The way Consumer Reports does it is the following: they add the overall score, road-test score and predicted reliability results for each model they have tested, then average the results and the number they come up with is that brand’s overall score.
To be included, CR must have data from at least two of a brand’s models, thus the likes of Tesla, Smart and Ram are absent.
Luckily for Audi, who topped the list, brand perception and corporate practices (read Dieselgate) are not taken into consideration. Even so, CR does stress that “Volkswagen AG, the maker of VW and Audi vehicles, should be held accountable for manipulating emissions testing with its vehicles”.
A non-premium brand, namely Subaru, slots in second place in front of Lexus, Porsche and BMW. In case you’re wondering where the third German brand battling for the crown in the US premium segment, namely Mercedes-Benz, is, the answer is in the middle of the pack in 14th place.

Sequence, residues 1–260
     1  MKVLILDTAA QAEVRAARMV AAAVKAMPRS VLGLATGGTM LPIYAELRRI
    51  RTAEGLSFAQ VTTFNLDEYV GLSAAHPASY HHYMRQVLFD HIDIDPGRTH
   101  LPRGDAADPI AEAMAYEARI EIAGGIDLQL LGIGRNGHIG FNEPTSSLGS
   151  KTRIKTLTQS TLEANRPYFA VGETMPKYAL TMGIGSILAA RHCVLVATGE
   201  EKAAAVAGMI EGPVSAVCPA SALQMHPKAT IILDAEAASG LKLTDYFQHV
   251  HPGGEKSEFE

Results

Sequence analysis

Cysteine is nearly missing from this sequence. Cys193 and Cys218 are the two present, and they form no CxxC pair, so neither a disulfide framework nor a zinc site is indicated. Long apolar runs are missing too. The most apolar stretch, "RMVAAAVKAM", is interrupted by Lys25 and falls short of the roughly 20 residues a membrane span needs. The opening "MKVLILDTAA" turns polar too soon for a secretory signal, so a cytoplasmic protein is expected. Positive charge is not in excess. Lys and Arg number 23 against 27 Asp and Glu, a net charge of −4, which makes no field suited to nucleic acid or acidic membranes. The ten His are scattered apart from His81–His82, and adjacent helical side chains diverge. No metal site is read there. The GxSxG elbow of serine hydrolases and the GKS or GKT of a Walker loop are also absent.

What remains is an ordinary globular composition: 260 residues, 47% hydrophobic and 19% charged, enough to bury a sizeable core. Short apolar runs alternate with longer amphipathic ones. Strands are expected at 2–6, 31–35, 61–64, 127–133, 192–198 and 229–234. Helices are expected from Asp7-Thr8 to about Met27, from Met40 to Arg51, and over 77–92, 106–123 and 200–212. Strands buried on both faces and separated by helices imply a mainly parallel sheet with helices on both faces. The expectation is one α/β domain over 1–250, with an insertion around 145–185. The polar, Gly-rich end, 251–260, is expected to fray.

What hurt it most were predicted reliability and less than a third of its models tested being recommended that offset their top marks in road-test results. As for the worst, the Razzie belongs to Fiat, with only 38 points out of 100.
You can read the full list, as well as each brand’s score in each category, right after the jump.